Create a Playroom

The most important thing we did for our kids was create a playroom for the four of them. They have their ‘shared’ toys, such as kitchens and train sets and doll houses in there. They know that they are free to bring toys out of there, but they also know that they have to go back when they are finished with them. And for the most part, they don’t move things out of their or their rooms. They’d rather play where the toys are – and that’s been a great deal for us.

Go for Kid-Friendly Materials

All of our furniture looks way more expensive than it is. We’re stylish; not stupid. We don’t spend money on things that the kids will likely destroy by accident over just by nature over the years. We have leather furniture because it’s easy to clean. We have amazing coffee tables that we picked up for $60 at Home Goods that the kids can destroy and not break our hearts. Nothing within reach is breakable. All those gorgeous pillows on our furniture? They’re cheap pillows from IKEA covered in inexpensive custom covers I’ve ordered from Etsy that can be taken off and washed in a second. Those gorgeous peonies in that vase on the coffee table in the living room? Totally fake. Our coffee table is tufted on top so if the vase falls, it’s not breaking. It sits on a cheap serving tray I bought a TJ Maxx for like $5 that looks just like the one I really want but don’t want my kids touching from Pottery Barn. The flowers are fake so they don’t need water. The kids don’t touch them, but if they did, I wouldn’t care.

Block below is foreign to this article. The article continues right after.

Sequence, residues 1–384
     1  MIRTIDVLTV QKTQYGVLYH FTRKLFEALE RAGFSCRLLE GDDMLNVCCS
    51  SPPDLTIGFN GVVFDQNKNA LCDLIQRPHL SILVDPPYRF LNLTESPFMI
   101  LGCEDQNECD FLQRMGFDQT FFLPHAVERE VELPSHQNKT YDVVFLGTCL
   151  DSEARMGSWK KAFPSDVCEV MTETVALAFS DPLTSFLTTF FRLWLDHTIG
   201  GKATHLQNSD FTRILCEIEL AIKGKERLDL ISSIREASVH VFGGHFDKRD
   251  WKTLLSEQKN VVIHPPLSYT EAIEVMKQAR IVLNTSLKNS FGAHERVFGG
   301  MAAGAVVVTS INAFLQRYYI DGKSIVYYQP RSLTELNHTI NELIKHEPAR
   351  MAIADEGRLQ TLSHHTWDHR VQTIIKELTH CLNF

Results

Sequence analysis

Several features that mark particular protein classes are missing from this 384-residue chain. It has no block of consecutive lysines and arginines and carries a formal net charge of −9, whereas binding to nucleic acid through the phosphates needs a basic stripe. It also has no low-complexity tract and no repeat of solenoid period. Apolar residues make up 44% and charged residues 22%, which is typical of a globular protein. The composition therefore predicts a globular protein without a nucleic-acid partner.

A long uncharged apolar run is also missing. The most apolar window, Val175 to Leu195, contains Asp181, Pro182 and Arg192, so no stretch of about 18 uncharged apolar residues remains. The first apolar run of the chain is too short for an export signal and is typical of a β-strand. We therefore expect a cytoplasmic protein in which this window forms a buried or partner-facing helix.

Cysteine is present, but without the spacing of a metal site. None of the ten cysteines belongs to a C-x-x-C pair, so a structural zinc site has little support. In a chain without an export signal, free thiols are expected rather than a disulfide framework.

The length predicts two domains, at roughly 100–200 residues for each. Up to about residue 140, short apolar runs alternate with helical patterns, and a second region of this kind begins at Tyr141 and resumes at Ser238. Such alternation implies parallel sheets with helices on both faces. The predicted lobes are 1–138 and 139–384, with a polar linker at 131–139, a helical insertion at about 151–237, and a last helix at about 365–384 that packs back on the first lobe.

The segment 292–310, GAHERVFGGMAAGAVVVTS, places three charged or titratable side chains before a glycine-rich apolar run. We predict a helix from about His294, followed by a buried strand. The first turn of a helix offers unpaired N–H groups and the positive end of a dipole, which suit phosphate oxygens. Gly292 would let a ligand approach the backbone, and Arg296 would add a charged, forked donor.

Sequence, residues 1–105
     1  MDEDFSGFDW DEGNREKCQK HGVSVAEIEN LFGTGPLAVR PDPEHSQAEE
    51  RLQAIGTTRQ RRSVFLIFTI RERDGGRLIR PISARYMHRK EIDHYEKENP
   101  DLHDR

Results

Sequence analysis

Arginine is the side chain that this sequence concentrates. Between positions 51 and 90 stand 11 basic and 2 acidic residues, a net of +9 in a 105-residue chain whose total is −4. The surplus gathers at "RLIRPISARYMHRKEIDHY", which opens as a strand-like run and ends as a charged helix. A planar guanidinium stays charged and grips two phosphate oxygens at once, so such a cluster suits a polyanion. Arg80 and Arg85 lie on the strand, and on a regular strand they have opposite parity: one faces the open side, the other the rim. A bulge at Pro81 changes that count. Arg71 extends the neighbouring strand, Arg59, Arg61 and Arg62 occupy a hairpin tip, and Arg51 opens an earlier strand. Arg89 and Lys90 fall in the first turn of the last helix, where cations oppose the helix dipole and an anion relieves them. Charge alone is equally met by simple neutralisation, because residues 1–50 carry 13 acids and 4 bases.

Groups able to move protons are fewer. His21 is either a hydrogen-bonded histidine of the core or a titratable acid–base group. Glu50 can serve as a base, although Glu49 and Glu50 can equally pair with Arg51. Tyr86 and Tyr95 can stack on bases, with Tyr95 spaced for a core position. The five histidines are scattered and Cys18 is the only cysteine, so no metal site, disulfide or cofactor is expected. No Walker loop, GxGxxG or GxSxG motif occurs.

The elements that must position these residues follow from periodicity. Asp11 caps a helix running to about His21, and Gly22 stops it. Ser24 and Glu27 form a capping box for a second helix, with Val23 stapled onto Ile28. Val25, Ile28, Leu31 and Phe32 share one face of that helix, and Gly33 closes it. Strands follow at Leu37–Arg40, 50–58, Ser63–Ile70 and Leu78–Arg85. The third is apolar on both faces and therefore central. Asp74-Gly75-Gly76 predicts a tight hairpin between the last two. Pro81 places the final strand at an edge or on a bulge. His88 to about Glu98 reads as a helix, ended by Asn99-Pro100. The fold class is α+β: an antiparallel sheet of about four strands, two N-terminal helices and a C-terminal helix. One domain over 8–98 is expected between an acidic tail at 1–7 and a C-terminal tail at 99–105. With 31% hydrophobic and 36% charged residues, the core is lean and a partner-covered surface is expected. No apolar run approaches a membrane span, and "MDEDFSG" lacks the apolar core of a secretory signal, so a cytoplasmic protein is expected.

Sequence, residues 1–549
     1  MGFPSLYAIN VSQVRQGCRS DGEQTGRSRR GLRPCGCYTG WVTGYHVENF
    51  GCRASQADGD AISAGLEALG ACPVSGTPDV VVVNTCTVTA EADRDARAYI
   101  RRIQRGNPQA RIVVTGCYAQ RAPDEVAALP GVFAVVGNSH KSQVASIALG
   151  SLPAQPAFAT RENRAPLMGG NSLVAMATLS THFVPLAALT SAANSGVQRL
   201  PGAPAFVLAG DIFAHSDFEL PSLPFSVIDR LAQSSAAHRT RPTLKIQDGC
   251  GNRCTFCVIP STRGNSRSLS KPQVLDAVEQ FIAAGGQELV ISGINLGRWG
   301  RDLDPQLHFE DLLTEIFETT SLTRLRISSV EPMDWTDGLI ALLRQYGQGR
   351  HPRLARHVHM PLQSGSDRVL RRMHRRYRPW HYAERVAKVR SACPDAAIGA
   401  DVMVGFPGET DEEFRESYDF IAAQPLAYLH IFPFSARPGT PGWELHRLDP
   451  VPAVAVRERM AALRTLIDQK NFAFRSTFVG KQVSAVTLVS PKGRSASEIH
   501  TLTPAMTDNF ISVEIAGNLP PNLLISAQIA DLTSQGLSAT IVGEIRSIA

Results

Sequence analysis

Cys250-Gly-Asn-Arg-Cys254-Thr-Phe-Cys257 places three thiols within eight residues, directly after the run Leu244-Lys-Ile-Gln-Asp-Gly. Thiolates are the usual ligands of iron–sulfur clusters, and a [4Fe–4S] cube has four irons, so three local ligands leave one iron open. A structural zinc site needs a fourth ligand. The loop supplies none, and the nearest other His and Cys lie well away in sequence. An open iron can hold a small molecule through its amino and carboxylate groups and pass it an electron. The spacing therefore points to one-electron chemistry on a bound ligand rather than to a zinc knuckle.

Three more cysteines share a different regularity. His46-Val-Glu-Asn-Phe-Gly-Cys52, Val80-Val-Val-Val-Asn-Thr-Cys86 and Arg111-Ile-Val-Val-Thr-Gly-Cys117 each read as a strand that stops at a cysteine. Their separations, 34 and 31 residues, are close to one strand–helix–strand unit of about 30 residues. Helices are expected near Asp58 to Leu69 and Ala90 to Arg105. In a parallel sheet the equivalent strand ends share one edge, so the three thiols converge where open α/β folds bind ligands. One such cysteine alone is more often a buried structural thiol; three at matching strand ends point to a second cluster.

Put the Good Stuff up High

Our candle holders and other breakable items are just too high up for our twins to reach, and we’ve done an excellent job making sure our 4 and 7-year-olds know that you just don’t play with the decorations in the house. They can look all they want, but all we’ve had to do is remind them as they’ve grown up that they’re not for touching. They’re up high enough that little hands can’t hurt them, but they’re capable of understanding that you don’t touch them by the time they are tall enough to reach them.

Choose Wisely

Everything we have in our home that could potentially be destroyed by one of our kids is not valuable to us. Our rugs might look expensive, but they’re not. Everything is affordable and easily replaced should the need arise. We have lamps and nice dishes and nice décor, but we also know that our lives are not going to be ruined if anything happens to them. I love Home Goods and TJ Maxx for things like this. One day we’ll be able to Pottery Barn and Restoration Hardware-out our house once again, but for now everything is easily replaceable and not that important to us. Buy affordable, replace as needed and just teach your kids to respect your stuff the same way that you respect theirs.

It’s all in the Details

A stylish house can consist of small details; they sometimes make the biggest difference. It’s the small vase on the table with three long stemmed tulips. It’s the decorative pillows on the couch. It’s the gorgeous but inexpensive rug. It’s the curtains you hang. It’s wide wooden blinds rather than cheap plastic blinds. It’s a lack of clutter. It’s the art you hang on the walls. It’s all in the small details that your kids cannot break, mess with or destroy when it comes to a stylish house.

I promise you that when you raise your kids with decorations instead of hiding them all away, you might lose a few here and there, but your kids will very quickly learn a respect for these items.

Photo by Jeff J Mitchell/Getty Images